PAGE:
Thinkfun’s Rush Hour is a fun game in which children navigate through a number of parked vehicles to help the ice cream exit the parking lot. Although the rules seem quite simple, finding a way out is not that easy and requires strong logic and problem-solving skills. The game comes in a range of difficulties (beginner, intermediate, advanced, and expert). There is also an app version of Rush Hour.
While this product is geared toward younger kids, I have also used it with older students and adults with TBI when working on executive functions.
How to use Rush Hour to work on SPEECH PRODUCTION GOALS
Working on the dreaded /R/? Rush Hour is an entertaining activity for children learning to produce this sound as many of the words within it contain /R/s. Playing a game is way more enjoyable than using flash cards! Another benefit of using games in articulation therapy is that we hear kids using natural speech (as opposed to the drill-like production in flash cards practice).
Some ideas for words you can use to practice:
Initial /R/ words: "red", "rush", "right"
/R/ blends: "green", "brown", "firetruck", "ice cream", "traffic"
/AR/ words: "car"
/ER/ words: "purple"
Keep all cars in a bag and hold them away from you child. Have him or her ask for each one or practice talking about where each car goes. Depending on the stage they are at in therapy, kids are to use a single word, a phrase, or to use the/R/ sound in natural speech.
How to use Rush Hour to work on REQUESTING
- for children with special needs
In speech therapy sessions, we often change and adapt games to address different treatment goals. I use a modified version of Rush Hour when working with children with communicative impairments such as ASD or developmental delays. Figuring out how to "rescue" the ice cream truck might be too challenging for children with significant communicative impairments, so instead we practice matching the cars on their parking lot to the one in the picture. Matching games are quite fun for kids with ASD, as they are visual learners. Manipulating all the cars on the parking lots requires fine motor skills, so here we go - we have now integrated the occupational therapist's goals in our activity!
- for minimally verbal and nonverbal children
Kids who are not able to speak can play Rush Hour, too! I have used it with students working on phase 3 of PECS to construct their first "I want + phrases". Children using electronic devices can use the game as well. Make sure you spend a lot of time modelling words and navigating between categories hen working with students recently introduced to electronic devices (e.g., home page - transportation folder) to help them learn where words are located.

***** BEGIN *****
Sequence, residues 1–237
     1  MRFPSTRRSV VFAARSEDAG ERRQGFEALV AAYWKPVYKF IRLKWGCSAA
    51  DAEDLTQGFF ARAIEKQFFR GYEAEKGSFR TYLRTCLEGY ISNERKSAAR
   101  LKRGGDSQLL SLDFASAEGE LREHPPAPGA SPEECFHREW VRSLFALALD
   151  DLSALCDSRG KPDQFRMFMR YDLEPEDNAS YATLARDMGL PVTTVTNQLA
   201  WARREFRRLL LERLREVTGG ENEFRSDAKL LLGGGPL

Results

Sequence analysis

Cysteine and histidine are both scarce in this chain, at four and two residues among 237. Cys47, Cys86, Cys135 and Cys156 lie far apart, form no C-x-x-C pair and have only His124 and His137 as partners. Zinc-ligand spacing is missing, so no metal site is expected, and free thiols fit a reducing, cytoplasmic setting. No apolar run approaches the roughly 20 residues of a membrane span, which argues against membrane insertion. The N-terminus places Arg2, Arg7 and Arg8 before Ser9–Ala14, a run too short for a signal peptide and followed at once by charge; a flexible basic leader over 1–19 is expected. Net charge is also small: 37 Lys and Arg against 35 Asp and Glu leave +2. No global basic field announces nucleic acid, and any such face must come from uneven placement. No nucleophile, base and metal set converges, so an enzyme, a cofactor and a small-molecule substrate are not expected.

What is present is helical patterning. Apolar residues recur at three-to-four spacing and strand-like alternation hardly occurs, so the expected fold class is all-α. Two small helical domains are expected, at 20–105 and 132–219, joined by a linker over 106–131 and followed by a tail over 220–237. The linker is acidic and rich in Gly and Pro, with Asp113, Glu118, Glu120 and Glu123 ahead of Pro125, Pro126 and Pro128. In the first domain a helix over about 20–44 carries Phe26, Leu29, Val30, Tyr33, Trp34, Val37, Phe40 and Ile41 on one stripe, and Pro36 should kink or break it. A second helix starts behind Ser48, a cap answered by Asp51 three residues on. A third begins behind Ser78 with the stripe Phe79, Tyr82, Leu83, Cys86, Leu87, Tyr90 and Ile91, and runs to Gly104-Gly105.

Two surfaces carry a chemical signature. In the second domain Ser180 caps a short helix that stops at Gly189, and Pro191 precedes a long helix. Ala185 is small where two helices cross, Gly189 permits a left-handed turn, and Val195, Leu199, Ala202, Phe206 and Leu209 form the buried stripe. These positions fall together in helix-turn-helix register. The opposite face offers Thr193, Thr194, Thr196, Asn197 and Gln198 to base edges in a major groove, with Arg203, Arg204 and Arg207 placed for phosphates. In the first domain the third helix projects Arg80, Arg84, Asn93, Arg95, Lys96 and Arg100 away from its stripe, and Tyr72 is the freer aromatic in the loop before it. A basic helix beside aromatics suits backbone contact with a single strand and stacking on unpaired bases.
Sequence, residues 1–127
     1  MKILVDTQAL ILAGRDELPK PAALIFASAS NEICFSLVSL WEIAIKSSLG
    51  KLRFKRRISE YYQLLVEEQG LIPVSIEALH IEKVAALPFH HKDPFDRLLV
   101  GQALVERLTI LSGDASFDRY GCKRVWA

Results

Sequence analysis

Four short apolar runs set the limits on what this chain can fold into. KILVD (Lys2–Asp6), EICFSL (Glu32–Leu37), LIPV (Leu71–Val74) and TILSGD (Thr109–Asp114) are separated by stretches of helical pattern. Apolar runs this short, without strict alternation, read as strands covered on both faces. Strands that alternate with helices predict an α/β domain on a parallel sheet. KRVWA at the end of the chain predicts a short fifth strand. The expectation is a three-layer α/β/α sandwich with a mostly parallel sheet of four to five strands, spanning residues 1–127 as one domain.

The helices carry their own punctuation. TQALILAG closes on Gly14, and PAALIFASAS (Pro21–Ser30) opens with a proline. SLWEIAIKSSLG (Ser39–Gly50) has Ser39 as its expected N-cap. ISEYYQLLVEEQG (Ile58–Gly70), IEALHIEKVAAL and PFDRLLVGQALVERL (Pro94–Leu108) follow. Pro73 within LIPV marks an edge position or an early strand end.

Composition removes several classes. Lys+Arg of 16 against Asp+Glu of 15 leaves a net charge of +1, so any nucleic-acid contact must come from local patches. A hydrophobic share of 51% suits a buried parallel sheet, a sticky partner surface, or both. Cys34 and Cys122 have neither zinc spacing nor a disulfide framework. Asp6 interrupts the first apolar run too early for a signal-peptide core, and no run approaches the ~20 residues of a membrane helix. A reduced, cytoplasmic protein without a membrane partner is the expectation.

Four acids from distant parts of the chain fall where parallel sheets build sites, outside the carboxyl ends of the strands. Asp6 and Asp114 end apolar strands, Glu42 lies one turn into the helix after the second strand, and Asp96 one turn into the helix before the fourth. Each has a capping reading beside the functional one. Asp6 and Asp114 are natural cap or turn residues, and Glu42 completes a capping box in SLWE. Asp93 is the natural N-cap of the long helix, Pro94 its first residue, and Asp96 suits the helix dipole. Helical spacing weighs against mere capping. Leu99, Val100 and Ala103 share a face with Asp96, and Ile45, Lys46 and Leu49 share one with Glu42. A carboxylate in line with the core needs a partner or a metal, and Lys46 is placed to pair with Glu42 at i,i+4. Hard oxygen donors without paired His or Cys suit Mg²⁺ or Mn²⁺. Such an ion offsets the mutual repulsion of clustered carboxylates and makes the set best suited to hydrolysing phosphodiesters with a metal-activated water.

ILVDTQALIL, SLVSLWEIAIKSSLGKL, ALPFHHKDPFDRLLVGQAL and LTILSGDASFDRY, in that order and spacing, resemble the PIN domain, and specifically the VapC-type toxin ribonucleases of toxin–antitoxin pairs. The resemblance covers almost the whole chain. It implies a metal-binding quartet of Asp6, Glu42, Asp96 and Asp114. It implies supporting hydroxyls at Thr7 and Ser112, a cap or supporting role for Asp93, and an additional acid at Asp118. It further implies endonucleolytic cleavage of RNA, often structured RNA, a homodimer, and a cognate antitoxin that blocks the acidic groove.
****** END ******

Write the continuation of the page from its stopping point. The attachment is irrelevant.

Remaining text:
In addition, while playing the game the child is going to receive many opportunities to familiarize himself/ herself with the vocabulary within the folder “transportation”, and learn that a “bus”, a “fire truck”, and a “car” are all “vehicles”.
- to practice requesting using complete sentences
Yet another application of the Rush Hour game is when working on expanding the number of words used in phrases. For instance, a child who only says a word or two is encouraged to use complete phrases to request the different vehicles in the game (e.g., "I want the school bus"). Whether or not you choose to proceed with the modified version of the game would depend on the cognitive level of each child.
How to use Rush Hour to work on LANGUAGE COMPREHENSION GOALS
The therapist holds the card while the student completes different instructions (e.g., “Put the firetruck in the top right corner of the parking lot.”, “After you put the firetruck down, take the school bus and ”, etc). Similarly, use “Rush Hour” to teach spatial terms such as “beside”, “under”, and “over”. Since spatial organizational is especially challenging for individuals with TBI this game can be used to work on these goals too.
Finally, Rush Hour is an excellent reinforcer! Oftentimes, children receive the game at the end of our session. It is their award for their hard work.